I also see you both rarely in the "does god exist" debates, so you may have never been that much interested in those kind of questions. I hope some of the debaters who frequent those discussions are interested in trying something new and don't get repelled by my setup.
    Please, if you don't like the "rules" but have something to contribute, do.
     
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  6. Estro Felino

    Estro Felino Believer in free will
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    That is a very good question, @Heyo.
    The truth is: how can we define God when in Indoeuropean languages it deals with terms (deus, gott, deva) invented to describe anthropomorphical deities? In Germanic or Greek Paganism...for example.
    At a certain point of history, God has become something purely metaphysical...and so it is very difficult to describe Him as a creator...even if when Christians speak of Him, for example, do anthropomorphize Him. And yet with so many Christians believing in Evolution...the concept of Creator becomes metaphorical, allegorical.

    How do I get to my understanding of God?
    In several moments of my life I felt so close to God that I could describe Him better.
    It is when a person experiments love, compassion...empathy...that God becomes visible. But of course it is not a person.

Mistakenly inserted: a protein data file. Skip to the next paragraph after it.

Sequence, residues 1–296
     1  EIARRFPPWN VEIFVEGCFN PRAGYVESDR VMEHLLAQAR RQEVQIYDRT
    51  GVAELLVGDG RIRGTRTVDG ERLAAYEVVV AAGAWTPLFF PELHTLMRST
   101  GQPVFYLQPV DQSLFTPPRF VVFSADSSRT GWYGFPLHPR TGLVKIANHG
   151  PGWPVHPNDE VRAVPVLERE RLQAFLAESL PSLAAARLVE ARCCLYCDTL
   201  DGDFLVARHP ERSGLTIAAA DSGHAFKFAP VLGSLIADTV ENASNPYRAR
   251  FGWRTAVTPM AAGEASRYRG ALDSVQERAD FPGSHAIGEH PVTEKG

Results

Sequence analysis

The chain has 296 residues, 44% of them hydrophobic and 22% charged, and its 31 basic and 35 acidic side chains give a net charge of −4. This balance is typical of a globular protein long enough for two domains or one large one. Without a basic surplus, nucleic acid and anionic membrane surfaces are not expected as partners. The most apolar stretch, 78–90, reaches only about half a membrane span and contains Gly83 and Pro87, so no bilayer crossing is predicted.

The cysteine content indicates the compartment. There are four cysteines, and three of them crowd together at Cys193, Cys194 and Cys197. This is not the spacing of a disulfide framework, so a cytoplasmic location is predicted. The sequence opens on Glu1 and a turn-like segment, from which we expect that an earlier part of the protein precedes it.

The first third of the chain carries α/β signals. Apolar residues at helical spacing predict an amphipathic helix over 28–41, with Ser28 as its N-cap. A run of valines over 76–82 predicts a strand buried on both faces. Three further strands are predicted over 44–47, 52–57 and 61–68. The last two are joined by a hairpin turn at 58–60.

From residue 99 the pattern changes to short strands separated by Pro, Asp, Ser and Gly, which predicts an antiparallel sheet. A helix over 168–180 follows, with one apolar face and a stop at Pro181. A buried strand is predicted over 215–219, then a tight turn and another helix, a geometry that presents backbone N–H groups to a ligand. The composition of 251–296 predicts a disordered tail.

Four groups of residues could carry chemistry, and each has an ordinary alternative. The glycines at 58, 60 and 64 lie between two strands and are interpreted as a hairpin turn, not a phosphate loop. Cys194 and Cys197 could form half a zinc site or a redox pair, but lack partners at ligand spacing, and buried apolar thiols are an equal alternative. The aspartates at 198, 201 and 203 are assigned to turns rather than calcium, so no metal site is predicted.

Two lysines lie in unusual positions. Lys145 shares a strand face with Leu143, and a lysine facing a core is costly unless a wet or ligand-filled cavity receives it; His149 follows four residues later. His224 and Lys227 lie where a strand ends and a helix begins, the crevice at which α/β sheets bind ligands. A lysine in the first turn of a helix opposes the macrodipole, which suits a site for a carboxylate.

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  7. PureX

    PureX Veteran Member

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    I have no understanding of God. God is the great mystery source, sustenance, and purpose of all that is. And I am trusting in the benevolence of this unknown because I need to, and because my life is better when I do.
     
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  8. Nakosis

    Nakosis crystal soldier
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    At the basis of all knowledge is some assumption. The point being I suppose is whether the assumption are hidden from ourselves, the believer in God or not.
    Though one doesn't need to be a believer in a God to have hidden assumption in our knowledge which allows folks some unjustified certainty.

    While it can be a beneficial discussion, I've found it very difficult, actually bordering on impossible to get some people to accept/acknowledge the hidden assumptions at the basis of their knowledge. Or maybe a number are aware of the necessity of assumptions made for the sake of knowledge and choose the ones they are comfortable with.

    So there is no negative judgement against people for their assumptions, as we all have them.
     
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  9. Quintessence

    Quintessence Tale Weaver
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    Thanks for being understanding!

    I rarely participate much in the "does god exist" debates because I think it's a stupid question. The reasons why I think it's a stupid question are probably best expressed in a recent post I made here: